Aviation

AVIATION

Shanghai Miandi Metal Group Co., Ltd.

Aerospace

As the twentieth century progressed, aluminum became an essential metal in aircraft. The aircraft airframe has been the most demanding application for aluminum alloys. Today, like many industries, aerospace makes wide use of aluminum manufacturing.

Why choose Aluminum Alloy in Aerospace Industry:

Light Weight — The use of aluminum alloys reduces the weight of an aircraft significantly. With a weight roughly a third lighter than steel, it allows an aircraft to either carry more weight, or become more fuel efficient.

High Strength — Aluminum’s strength allows it to replace heavier metals without the loss of strength associated with other metals, while benefitting from its lighter weight. Additionally, load-bearing structures can take advantage of aluminum’s strength to make aircraft production more reliable and cost-efficient.

Corrosion Resistance — For an aircraft and its passengers, corrosion can be extremely dangerous. Aluminum is highly resistant to corrosion and chemical environments, making it especially valuable for aircrafts operating in highly corrosive maritime environments.

There are a number of different types of aluminum, but some are more suited to the aerospace industry than others. Examples of such aluminum include:

2024 — The primary alloying element in 2024 aluminum is copper. 2024 aluminum can be used when high strength to weight ratios are required. Like the 6061 alloy, 2024 is used in wing and fuselage structures because of the tension they receive during operation.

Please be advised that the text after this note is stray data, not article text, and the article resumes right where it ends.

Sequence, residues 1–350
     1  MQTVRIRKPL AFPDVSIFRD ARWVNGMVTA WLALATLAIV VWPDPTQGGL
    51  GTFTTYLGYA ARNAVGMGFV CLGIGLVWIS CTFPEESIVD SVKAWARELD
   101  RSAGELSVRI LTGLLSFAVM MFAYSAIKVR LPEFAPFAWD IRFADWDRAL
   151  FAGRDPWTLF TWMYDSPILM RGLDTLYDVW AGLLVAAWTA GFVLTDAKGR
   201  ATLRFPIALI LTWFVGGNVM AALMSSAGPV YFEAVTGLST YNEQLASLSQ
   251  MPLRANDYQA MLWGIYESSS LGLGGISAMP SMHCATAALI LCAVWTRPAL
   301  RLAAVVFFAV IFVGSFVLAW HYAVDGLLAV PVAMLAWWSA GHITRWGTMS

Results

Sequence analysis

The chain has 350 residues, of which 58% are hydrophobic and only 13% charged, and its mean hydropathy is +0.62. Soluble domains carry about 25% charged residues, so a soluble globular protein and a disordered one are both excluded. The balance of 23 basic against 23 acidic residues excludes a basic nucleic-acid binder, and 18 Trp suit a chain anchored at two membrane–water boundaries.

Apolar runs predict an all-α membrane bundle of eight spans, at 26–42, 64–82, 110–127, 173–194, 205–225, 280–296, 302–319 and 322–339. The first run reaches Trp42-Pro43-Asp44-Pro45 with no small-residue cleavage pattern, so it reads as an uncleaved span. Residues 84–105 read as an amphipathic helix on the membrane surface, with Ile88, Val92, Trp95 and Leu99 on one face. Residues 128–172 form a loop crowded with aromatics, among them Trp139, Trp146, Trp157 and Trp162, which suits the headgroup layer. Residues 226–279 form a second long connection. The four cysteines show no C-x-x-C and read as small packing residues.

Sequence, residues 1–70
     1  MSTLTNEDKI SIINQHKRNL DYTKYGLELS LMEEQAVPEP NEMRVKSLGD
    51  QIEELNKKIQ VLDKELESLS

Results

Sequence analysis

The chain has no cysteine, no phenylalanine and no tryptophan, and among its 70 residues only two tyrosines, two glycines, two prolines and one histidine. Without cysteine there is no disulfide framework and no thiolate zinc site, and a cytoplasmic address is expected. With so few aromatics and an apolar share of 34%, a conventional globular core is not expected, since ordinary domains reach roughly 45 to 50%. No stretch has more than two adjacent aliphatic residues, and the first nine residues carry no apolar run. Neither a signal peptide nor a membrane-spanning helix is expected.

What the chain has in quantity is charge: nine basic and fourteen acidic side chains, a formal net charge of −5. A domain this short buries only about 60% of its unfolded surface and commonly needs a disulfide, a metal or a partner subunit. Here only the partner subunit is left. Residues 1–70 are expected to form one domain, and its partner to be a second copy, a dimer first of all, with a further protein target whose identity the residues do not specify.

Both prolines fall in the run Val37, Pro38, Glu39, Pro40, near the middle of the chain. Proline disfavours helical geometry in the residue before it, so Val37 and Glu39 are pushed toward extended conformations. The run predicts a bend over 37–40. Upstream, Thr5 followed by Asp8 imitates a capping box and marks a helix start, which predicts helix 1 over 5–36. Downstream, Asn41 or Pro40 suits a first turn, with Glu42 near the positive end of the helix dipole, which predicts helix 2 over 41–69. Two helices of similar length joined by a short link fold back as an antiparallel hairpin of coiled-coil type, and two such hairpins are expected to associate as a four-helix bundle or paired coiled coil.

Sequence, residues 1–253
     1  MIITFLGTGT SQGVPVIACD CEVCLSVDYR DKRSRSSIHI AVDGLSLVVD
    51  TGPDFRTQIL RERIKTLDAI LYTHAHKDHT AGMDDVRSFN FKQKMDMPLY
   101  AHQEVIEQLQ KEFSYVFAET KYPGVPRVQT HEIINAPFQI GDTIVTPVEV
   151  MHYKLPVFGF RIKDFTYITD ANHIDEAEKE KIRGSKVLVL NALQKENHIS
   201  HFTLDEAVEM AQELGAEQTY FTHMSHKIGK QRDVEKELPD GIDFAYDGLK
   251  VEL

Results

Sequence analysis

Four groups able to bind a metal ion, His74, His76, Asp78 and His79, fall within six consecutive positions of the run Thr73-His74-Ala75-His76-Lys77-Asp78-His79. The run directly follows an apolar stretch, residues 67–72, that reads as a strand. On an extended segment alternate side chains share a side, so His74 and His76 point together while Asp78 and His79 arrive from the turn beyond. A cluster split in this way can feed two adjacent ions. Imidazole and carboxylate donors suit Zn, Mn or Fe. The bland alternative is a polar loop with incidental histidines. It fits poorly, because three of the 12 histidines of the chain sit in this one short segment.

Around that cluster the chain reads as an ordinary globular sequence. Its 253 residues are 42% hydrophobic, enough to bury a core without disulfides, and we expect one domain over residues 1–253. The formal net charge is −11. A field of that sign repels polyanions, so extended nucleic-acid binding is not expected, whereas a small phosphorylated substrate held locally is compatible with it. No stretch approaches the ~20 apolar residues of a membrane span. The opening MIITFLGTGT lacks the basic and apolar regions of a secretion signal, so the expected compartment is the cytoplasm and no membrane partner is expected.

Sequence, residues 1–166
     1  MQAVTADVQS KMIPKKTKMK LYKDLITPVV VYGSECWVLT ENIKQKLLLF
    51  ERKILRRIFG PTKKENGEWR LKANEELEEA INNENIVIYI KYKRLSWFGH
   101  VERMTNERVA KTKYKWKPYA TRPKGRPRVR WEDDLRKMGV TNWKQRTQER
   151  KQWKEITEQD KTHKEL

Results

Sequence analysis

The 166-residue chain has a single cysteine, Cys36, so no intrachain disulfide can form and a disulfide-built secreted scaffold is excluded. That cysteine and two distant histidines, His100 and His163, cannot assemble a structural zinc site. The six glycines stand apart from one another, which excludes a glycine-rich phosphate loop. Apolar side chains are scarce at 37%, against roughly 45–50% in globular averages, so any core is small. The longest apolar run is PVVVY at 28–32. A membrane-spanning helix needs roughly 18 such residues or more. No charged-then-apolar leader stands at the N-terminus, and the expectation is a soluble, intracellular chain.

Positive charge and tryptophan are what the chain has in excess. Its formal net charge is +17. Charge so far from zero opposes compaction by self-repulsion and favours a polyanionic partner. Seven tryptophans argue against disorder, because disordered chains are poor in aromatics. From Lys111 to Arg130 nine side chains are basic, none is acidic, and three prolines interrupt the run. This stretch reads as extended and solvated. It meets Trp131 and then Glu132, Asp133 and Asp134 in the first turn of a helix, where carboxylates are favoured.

5052 — The highest strength alloy of the non-heat-treatable grades, 5052 aluminum provides ideal expediency and can be drawn or formed into varying shapes. Additionally, it offers excellent resistance to saltwater corrosion in marine environments.

6061 — This alloy has good mechanical properties and is easily welded. It is a common alloy for general use and, in aerospace applications, is used for wing and fuselage structures. It is especially common in homebuilt aircraft.

6063 – Often referred to as the “architectural alloy,” 6063 aluminum is known for providing exemplary finish characteristics, and is often the most useful alloy for anodizing applications.

7050 – A top choice for aerospace applications, alloy 7050 displays much greater corrosion resistance and durability than the 7075. Because it preserves its strength properties in wider sections, 7050 aluminum is able to maintain resistance to fractures and corrosion.

7068 – 7068 aluminum alloy is the strongest type of alloy currently available in the commercial market. Lightweight with excellent corrosion resistance, the 7068 is one of the toughest alloys presently accessible.

7075 — Zinc is the main alloying element in 7075 aluminum. Its strength is similar to that of many types of steel, and it has good machinability and fatigue strength properties. It was originally used in the Mitsubishi A6M Zero fighter planes during World War II, and is still used in aviation today.


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